Most Unpopular ETFs Of The Year

September 21, 2016

Much gets written about the top ETFs when it comes to investor inflows. That's natural―people want to know what's hot and where investors are putting their dollars.

But the flip side can also tell a tale, particularly when there are enormous amounts of money coming out of a particular fund or a particular group of funds.

That's the case this year. The ETFs with the biggest outflows in 2016 share a few unmistakable themes. Six of the 10 biggest flows losers this year are ETFs tied to international markets, particularly Europe and Japan. Combined, they've seen redemptions totaling more than $30 billion, according to FactSet data.

There's no doubt that a lot of these outflows have to do with performance. Europe and Japan have performed poorly this year, which comes as an unpleasant surprise to many investors who raced into those areas amid hopes that monetary stimulus and weakening currencies would lead to outperformance.

Throwing In The Towel On Europe

That didn't happen, and now those investors are throwing in the towel as that thesis turns out to be wrong.

At the center of this phenomenon is the WisdomTree Europe Hedged Equity Fund (HEDJ). This is an ETF that picked up nearly $13.8 billion in assets last year on the back of the ECB-stimulus-strong-dollar thesis.

This year, it's already lost more than half that amount, or $7.2 billion, to outflows.

HEDJ provides dividend-weighted exposure to European stocks with a tilt toward exporters. In addition, it hedges its currency exposure by shorting the euro.

HEDJ is the perfect ETF in a scenario in which European stocks are rallying and the euro is weakening against the dollar. In that case, its export-heavy portfolio would benefit from a weak euro, while its euro short would protect it against currency losses.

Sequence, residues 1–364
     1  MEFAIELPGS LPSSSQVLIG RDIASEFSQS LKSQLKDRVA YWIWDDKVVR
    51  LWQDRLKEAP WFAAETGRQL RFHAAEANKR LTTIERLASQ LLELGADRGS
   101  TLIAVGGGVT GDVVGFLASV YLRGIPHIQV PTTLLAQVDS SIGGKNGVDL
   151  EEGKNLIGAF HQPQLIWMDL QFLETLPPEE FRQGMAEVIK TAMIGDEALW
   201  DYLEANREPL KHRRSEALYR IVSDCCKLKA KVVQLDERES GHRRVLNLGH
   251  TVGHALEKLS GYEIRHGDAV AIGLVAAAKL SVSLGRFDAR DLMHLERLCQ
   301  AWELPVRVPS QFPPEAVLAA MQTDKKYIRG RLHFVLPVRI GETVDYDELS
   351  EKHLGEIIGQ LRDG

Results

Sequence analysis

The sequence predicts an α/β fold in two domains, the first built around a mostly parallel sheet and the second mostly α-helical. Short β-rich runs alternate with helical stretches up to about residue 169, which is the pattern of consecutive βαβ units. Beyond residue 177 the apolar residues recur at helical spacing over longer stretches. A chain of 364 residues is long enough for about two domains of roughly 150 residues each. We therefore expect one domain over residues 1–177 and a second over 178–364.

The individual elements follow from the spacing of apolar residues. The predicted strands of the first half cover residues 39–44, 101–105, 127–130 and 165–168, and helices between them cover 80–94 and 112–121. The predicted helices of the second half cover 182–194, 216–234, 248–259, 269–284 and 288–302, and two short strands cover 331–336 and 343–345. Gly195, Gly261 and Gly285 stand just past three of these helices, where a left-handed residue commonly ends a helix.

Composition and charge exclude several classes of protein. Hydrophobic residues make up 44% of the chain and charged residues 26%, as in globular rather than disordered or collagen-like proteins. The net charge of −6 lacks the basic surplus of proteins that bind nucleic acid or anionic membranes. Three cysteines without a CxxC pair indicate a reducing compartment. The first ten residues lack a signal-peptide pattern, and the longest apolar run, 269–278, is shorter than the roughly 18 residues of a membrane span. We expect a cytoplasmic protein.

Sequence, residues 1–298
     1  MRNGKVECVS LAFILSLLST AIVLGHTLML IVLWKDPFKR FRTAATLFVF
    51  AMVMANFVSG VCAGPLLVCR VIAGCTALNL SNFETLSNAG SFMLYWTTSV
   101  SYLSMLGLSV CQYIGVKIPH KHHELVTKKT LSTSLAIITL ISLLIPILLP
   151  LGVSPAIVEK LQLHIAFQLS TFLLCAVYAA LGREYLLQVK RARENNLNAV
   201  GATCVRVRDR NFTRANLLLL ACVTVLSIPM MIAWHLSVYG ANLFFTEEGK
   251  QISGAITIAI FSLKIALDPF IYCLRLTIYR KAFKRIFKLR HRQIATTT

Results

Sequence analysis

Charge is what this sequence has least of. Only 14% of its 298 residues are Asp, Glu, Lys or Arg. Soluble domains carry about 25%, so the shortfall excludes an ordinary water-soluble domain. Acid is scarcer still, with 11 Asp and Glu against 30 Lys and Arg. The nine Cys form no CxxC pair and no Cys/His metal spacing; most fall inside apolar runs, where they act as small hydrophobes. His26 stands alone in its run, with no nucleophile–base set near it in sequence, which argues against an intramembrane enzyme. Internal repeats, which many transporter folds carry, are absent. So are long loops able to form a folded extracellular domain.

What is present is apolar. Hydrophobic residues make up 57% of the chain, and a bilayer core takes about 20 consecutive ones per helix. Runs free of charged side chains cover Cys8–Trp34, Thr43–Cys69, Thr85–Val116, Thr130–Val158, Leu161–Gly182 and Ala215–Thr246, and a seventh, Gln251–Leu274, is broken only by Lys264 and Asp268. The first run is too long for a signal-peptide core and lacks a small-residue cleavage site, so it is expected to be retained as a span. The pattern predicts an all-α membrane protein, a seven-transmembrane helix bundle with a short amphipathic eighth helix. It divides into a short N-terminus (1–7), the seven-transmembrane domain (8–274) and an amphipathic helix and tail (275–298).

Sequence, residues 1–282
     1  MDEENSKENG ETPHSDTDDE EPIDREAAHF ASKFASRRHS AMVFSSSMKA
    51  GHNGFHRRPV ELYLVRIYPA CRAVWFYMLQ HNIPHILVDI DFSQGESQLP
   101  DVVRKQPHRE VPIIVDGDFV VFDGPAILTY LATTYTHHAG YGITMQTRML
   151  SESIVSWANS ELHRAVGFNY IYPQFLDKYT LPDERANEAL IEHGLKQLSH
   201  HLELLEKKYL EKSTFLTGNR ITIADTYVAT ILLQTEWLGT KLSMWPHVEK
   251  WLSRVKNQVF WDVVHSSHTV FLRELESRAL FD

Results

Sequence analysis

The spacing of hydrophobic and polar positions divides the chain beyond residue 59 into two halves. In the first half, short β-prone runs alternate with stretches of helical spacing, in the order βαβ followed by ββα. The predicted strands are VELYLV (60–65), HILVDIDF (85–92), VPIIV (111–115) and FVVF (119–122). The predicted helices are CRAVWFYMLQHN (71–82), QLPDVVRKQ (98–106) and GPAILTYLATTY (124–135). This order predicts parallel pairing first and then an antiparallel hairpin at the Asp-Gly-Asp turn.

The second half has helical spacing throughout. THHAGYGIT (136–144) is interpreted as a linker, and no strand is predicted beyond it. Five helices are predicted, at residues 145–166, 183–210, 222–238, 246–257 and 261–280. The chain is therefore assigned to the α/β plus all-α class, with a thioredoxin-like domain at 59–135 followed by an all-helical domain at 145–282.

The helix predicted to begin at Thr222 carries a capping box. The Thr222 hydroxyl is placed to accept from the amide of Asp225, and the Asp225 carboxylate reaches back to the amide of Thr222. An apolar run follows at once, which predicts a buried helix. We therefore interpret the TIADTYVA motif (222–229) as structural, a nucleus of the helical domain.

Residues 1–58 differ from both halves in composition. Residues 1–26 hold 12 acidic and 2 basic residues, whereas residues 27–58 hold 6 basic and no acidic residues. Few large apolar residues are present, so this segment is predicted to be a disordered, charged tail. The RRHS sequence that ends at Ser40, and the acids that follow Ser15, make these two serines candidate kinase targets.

In reality, European stocks have lagged this year, while the euro has actually strengthened against the greenback. HEDJ's 0.9% year-to-date gain isn't horrible by any means, but it’s a far cry from what investors expected of the fund entering the year.

Vanilla ETFs Out Of Favor Too

In addition to HEDJ, two other Europe-focused ETFs are currently on the top 10 outflows list for 2016. The iShares MSCI Eurozone ETF (EZU) and the Vanguard FTSE Europe ETF (VGK) have seen year-to-date outflows of $6 billion and $3.2 billion, respectively.

Like HEDJ, both of these ETFs saw large inflows last year, as investors bought into them in anticipation of strong performance in Europe this year. EZU had inflows of $7.3 billion in 2015, while VGK had inflows of $4.7 billion in the period.

The near-complete reversal of last year's flows into EZU and VGK is more evidence of investors throwing in the towel on their bullish Europe thesis. Both ETFs are down close to 1% this year, falling well short of investors' high expectations.

YTD Returns For HEDJ, EZU, VGK

 

Incidentally, EZU and VGK are vanilla market-cap-weighted funds; they don't hedge their currency exposure. EZU focuses on large- and midcaps stocks from eurozone countries, while VGK focuses on stocks of all cap sizes from all developed European countries. That means VGK holds stocks from the U.K., while EZU doesn't.

 

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